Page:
Mark Reichardt, President & CEO, OGC, Inc.The ocean system indirectly determines human impacts from a growing list of societal activities - land development, agriculture, coastal development, sewage outflow, energy production and fishing, to name a few. Additionally, natural Earth processes such as earthquakes use the ocean to unleash tremendous energy, threatening populations, wildlife and property in coastal areas worldwide. These are just a few of the ocean and coastal zone management issues that require coordinated solutions through cooperation and sharing among researchers, government agencies, NGOs, businesses and citizens. Of course, none of this is new news, but our cumulative impact on the oceans and other earth ecosystems is an extremely sobering reality and problem set for this generation and our children who will inherit that legacy.The ocean science community is advancing a significant body of work to understand and address ocean-related issues. Their findings are important in efforts to strike a balance between protection of ocean systems and human exploitation of ocean resources.Given the magnitude and complexity of the issues, ocean research programs have much to gain by improving their ability to share ocean data, which almost always has spatial context. Not surprisingly, the oceans research community is aggressively implementing and using OGC standards to improve organizational, regional and global capabilities to access, process, integrate and apply ocean information, including real time sensor data.Below is a partial list (in alphabetical order) of ocean science programs and projects using OGC standards. Almost all of these efforts involve multiple government agencies, universities and research centers, and many of these programs and projects are working together:- Australian Oceans Portal project (http://www.aodc.gov.au/index.php?id=34)- EUCC (EU Coastal Union) (http://www.eucc.nl)- GALEON (Geo-interface to Atmosphere, Land, Earth, Ocean, NetCDF) Interoperability Experiment, an effort by OGC members to streamline the sharing of atmospheric and oceans data (http://www.ogcnetwork.net/node/95)- GMES (the EU Global Monitoring for Environment and Security program) (http://www.gmes.info)- Gulf of Maine Ocean Observing System (GoMOOS)(http://www.gomoos.org)- Integrated Ocean Observing System (OpenIOOS) project (http://www.openioos.org)- InterRisk, an EU program for Interoperable GMES Services for Environmental Risk Management in Marine and Coastal Areas of Europe (http://interrisk.nersc.no)- Marine Metadata Interoperability (MMI) project (http://marinemetadata.org)- MOTIIVE (the EU Marine Overlays on Topography for Annex II Valuation and Exploitation) (http://www.motiive.net)- Ocean.US, The US National Office for Integrated and Sustained Ocean Observations (http://www.ocean.us)- OOSTethys (http://www.oostethys.org)- SeaDataNet, a Pan-European project to provide Infrastructure for Ocean & Marine Data Management (http://www.seadatanet.org)- Southeastern Universities Research Association (SURA) Coastal Ocean Observing and Prediction (SCOOP) program (http://scoop.sura.org/)- UK Met (Meteorology) Office\'s DEWS Delivering Environmental Web Services) project (http://www.dews.org.uk)A number of the organizations and programs listed above are participants in the Ocean Science OGC Interoperability Experiment(http://www.opengeospatial.org/projects/initiatives/oceansie)an effort to study implementations of OGC Web Service (OWS) standards being used by the ocean-observing community. The experiment will yield a set of Best Practices along with potential change request proposals for enhancements to certain OGC standards.A major international program, known as the Global Earth Observing System of Systems (GEOSS), is being advanced by the Group on Earth Observations (GEO). Ocean observing and prediction is a major component of GEOSS. The OGC has contributed to GEOSS objectives through its involvement as a participating organization in GEO, through a series of GEOSS demonstrations conducted in partnership with IEEE Geoscience and Remote Sensing and ISPRS, and through the recent GEOSS Architecture Implementation Pilot, which has brought together technical contributions from over 120 organizations. The \"GEOSS Report on Progress 2007\" noted that the development of interoperability in the GEOSS was ahead of schedule.The work of OGC alliance partners is also important in addressing the interoperability needs of the ocean science community. The OASIS Common Alert Protocol (CAP) standard, for example, has elements that are harmonized with OGC standards, and CAP is growing in importance for issuing warning messages in emergency situations. It is being applied in some of the ocean science activities listed above.The uptake of OGC standards in the oceans community is happening through coordination of best practices at the peer level and through governmental policy initiatives. Like the growth of the Web itself, it is driven by the opportunities inherent in a growing network.Researchers, scientists, and policy makers are happy to be contributing to a Web-accessible, shared information environment that enables them to better address the critical ecological and political issues facing the ocean\'s stakeholders - virtually all the creatures on Earth.OGC is supporting Ocean Innovation 2008 - \"World Summit - Ocean Observing Systems,\" October 19-22, 2008, St. Johns, Canada. This conference will bring together a global community of interest in ocean observing systems to discuss and debate international, regional and national ocean observing activities, plans and frameworks in the context of a future integrated, interoperable global system of ocean observing systems.What can OGC and other standards organizations do to further assist the oceans community in building out a worldwide interoperable infrastructure for ocean programs? I\'d like to hear your ideas.Mark Reichardt, President and CEO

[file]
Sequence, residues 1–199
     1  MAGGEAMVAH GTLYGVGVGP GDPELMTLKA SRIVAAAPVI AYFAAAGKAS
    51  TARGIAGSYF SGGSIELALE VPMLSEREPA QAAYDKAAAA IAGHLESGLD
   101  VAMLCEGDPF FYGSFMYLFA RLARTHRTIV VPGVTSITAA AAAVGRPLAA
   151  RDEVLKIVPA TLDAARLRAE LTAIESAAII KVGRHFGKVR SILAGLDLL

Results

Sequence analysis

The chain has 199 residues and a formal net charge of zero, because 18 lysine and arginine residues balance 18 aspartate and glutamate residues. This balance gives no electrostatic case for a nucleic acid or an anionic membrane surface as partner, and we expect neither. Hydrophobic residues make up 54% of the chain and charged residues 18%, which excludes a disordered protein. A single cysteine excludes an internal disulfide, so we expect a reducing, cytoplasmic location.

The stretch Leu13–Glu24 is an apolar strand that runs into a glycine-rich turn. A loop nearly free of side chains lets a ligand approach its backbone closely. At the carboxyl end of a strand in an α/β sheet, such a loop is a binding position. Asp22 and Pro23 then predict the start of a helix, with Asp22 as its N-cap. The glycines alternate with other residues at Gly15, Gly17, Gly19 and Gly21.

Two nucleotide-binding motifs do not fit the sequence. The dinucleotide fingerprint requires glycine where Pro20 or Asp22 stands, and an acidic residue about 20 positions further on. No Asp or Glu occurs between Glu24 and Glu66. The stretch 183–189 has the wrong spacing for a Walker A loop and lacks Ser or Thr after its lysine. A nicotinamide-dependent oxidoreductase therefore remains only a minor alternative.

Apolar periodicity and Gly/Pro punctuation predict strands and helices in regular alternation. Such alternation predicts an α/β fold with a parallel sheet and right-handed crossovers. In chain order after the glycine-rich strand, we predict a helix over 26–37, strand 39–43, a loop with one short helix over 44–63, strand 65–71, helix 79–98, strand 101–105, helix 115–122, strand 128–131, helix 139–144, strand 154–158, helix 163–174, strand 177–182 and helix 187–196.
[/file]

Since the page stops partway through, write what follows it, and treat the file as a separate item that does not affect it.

Author: Mark Reichardt

Bio.: President and CEO, Open Geospatial Consortium, Inc